Suit over drop in search engine placement dismissed

(This case came out a couple of weeks ago and has been written about quite a bit, but here’s my take on it anyway.)

Plaintiff Kinderstart.com LLC, the operator of an online directory and search engine for information about the care of young children, filed suit against Google after a “cataclysmic fall” in the number of visitors that the Kinderstart site received. It claimed that Google wrongfully blocked search results for Kinderstart, and intentionally lowered the site’s number in Google’s PageRank system. In an unpublished and noncitable opinion, the United States District Court for the Northern District of California dismissed Kinderstart’s complaint, and granted leave to amend.

Kinderstart alleged a number of causes of action, including violation of the First Amendment right to free speech and unlawful monopolistic behavior in violation of the Sherman Act. The court held that Kinderstart failed to allege facts sufficient to entitle it to relief.

In dismissing the First Amendment claim, the court held that Google is not a state actor. Although the Ninth Circuit employs a number of tests to determine whether state action exists, Google did not meet any of those tests. Kinderstart did not show that Google performed a public function, nor did it show that Google was involved in any joint action with the government. The complaint did not sufficiently allege that Google was in any way compelled or coerced by the government, or that there was any nexus or entwinement between Google’s actions and the government’s actions. No facts in the complaint pointed to any “symbiotic relationship” – a necessary element in a special Ninth Circuit test for state action – between Google’s conduct and the financial success of any governmental entity.

The court also rejected Kinderstart’s First Amendment argument that by making the search engine “freely available to anyone with an Internet connection,” Google had created a private space dedicated to public use in which the alleged restrictions violated free speech. On this point, Kinderstart’s own allegations of Google’s vast monetization – to the tune of $3.1 billion in 2005 – contradicted assertions that the sole function of Google is to promote open and free communication.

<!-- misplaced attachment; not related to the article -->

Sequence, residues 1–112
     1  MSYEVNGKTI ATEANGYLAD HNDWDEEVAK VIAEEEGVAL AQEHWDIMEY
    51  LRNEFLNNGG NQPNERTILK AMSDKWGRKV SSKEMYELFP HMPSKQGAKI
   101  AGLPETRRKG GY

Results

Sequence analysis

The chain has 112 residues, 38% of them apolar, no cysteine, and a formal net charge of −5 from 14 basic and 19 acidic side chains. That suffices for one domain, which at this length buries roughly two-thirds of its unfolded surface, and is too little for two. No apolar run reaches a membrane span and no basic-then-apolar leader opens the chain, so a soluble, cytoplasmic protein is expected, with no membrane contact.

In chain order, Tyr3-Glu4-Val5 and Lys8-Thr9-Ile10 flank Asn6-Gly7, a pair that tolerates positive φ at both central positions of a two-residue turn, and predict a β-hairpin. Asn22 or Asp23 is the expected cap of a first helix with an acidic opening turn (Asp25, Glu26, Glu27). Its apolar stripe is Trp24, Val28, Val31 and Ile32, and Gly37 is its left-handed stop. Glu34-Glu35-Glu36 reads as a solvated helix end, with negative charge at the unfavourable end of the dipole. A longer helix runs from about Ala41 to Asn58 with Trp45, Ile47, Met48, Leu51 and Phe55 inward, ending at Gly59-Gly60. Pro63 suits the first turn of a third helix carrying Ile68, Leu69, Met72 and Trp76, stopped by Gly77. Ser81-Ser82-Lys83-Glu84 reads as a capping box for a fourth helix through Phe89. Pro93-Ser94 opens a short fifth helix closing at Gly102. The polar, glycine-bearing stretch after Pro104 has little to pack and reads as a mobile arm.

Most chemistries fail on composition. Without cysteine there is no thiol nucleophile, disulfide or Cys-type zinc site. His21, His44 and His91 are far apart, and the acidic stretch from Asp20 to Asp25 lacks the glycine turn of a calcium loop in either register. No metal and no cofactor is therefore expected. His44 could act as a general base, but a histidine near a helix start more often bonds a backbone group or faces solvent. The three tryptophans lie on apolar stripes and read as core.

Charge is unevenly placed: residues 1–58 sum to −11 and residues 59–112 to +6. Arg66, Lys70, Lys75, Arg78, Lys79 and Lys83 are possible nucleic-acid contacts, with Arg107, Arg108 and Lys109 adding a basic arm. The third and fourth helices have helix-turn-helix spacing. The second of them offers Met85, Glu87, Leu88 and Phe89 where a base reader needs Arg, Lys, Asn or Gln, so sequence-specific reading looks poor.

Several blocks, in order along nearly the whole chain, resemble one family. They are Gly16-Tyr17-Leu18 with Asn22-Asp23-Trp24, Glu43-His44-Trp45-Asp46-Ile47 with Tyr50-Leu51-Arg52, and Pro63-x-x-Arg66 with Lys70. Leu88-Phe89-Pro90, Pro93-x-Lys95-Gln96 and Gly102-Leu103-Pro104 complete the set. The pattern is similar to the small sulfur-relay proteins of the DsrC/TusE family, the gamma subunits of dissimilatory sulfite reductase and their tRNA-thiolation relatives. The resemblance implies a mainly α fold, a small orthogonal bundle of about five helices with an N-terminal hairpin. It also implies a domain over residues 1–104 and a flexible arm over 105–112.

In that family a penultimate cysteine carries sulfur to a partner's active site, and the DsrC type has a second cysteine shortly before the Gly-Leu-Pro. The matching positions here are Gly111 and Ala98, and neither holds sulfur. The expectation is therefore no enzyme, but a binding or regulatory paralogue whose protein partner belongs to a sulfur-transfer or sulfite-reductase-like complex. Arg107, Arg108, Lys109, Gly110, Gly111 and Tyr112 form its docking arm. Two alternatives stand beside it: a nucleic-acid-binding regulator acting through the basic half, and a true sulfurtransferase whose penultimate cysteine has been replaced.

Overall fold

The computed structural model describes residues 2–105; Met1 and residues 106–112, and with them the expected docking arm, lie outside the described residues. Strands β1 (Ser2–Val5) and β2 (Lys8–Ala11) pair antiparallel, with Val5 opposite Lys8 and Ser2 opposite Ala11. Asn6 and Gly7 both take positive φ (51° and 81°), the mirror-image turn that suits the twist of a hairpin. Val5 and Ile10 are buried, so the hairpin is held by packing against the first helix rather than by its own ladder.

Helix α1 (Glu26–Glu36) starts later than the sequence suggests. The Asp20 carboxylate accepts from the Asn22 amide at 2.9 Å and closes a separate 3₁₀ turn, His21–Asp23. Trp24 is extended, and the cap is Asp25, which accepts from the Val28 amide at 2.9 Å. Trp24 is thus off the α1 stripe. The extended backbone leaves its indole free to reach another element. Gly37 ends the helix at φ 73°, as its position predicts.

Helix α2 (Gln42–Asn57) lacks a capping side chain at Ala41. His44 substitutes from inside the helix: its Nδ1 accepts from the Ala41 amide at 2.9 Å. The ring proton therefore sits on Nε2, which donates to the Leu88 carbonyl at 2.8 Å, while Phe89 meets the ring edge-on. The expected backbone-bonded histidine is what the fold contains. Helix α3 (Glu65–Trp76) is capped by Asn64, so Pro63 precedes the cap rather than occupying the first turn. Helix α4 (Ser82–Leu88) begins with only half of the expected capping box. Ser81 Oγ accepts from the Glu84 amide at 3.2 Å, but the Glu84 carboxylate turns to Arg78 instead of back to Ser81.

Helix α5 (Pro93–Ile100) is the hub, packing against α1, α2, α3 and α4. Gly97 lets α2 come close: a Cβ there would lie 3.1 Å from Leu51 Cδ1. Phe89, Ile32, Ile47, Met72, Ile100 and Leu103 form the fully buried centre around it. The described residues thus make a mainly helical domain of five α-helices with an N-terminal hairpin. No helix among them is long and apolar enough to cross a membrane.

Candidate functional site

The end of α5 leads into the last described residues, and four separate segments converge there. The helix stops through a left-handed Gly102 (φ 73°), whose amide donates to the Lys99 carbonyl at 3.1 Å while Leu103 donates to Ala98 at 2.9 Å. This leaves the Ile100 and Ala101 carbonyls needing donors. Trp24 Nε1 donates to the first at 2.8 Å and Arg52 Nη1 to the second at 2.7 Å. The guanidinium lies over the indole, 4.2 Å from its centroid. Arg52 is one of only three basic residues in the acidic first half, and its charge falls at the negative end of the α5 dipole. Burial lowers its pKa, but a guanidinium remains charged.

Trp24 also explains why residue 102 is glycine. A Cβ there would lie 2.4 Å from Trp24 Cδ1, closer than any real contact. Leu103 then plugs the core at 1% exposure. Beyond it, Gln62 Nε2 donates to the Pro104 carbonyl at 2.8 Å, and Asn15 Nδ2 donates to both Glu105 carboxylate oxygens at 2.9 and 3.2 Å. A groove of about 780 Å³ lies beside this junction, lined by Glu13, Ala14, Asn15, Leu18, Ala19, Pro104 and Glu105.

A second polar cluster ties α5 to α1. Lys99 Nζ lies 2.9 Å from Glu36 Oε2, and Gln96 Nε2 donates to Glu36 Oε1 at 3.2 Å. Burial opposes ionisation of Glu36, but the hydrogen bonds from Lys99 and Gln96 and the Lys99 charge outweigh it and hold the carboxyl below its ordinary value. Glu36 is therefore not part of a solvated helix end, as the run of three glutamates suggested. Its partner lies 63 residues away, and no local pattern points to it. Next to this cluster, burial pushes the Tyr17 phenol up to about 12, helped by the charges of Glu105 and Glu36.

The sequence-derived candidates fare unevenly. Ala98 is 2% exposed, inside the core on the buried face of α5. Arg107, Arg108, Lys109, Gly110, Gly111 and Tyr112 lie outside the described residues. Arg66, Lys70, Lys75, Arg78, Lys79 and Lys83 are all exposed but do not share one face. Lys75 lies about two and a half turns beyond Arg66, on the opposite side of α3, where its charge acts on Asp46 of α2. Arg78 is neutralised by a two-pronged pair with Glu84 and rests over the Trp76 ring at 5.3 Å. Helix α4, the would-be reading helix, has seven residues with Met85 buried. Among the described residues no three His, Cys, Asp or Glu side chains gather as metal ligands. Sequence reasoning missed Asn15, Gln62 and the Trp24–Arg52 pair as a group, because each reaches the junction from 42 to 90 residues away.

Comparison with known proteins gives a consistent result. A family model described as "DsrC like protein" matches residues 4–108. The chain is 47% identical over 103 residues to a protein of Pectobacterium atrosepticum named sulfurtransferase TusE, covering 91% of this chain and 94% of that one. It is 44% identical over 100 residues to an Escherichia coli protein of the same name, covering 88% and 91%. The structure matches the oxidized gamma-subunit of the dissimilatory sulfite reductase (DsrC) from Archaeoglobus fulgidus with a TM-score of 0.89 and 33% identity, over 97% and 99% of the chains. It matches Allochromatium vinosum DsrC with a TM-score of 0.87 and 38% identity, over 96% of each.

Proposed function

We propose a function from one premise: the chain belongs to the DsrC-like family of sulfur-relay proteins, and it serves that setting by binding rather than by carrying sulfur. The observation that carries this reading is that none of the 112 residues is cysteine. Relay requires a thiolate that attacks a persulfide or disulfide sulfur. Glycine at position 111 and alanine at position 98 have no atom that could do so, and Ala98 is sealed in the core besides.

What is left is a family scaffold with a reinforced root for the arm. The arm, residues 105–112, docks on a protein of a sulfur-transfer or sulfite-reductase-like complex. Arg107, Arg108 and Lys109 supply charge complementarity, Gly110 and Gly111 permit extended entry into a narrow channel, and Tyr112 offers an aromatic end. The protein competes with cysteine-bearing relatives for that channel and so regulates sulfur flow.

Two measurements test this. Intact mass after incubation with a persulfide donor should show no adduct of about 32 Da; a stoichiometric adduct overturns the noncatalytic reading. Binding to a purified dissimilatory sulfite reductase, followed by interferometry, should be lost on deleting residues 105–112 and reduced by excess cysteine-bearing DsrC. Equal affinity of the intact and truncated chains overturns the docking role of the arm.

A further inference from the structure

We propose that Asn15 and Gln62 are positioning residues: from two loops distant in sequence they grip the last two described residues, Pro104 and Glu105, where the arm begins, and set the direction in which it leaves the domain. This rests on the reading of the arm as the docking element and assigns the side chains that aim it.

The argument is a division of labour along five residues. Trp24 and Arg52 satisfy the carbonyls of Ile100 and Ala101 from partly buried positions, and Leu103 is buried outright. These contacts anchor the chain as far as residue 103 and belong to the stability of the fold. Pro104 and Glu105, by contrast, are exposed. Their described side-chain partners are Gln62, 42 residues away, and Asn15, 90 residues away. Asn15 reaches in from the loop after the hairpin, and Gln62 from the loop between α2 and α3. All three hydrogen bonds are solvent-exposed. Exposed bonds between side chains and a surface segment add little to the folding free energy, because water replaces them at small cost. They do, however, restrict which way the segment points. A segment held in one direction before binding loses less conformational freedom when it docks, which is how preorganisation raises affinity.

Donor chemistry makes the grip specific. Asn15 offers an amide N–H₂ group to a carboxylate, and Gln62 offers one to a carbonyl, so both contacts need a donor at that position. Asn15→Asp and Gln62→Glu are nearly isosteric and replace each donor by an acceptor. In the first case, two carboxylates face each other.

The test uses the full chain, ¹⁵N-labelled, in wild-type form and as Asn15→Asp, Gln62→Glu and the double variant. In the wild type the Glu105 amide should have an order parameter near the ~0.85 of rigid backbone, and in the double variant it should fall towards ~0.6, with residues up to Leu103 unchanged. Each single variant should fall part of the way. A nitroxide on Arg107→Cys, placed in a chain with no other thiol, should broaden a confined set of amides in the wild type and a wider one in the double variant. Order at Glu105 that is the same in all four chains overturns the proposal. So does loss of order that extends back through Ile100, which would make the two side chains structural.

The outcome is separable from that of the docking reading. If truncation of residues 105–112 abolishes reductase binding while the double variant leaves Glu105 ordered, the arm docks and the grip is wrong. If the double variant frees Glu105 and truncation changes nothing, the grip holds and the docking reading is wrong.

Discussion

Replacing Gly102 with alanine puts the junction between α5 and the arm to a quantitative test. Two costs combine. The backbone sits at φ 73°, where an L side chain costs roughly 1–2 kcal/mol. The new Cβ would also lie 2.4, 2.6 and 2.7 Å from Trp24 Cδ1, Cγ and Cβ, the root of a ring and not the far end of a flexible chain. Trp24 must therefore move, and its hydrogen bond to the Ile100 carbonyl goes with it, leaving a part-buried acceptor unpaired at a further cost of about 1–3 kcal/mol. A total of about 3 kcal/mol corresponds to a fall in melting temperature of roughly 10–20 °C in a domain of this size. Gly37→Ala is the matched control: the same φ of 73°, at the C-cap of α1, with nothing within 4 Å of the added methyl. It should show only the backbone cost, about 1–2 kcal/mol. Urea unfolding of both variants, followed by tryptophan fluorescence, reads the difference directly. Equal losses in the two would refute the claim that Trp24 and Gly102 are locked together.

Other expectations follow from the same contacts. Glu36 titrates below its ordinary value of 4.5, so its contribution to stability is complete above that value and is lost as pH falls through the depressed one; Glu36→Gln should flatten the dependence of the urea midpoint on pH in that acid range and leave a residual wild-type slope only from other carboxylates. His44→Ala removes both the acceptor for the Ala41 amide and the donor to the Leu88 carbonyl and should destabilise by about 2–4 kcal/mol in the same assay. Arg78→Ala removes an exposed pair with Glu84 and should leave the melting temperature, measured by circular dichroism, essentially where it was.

Another of Kinderstart’s claims was that by blocking links to the Kinderstart site in its search results, Google had engaged in anticompetitive behavior that is prohibited under Section 2 of the Sherman Act (15 U.S.C. §2). To succeed on this claim, Kinderstart would have had to allege a specific intent on Google’s part to destroy competition, conduct directed toward accomplishing that purpose, a dangerous possibility of succeeding at destroying competition, and resulting antitrust injury.

The court held that Kinderstart failed to allege enough facts to support this claim. There was no sufficient allegation that Google had denied access to an essential facility or refused to deal. Kinderstart did not explain how Google’s alleged conduct demonstrated the required intent for a Sherman Act violation. Moreover, noting that there generally is “no duty to aid competitors,” the court concluded that Google’s alleged removal of a competing search engine from its results was merely legitimate competitive action.

Kinderstart.com, LLC v. Google, Inc., No. 06-2057, (N.D. Cal., July 17, 2006) (Not selected for official publication).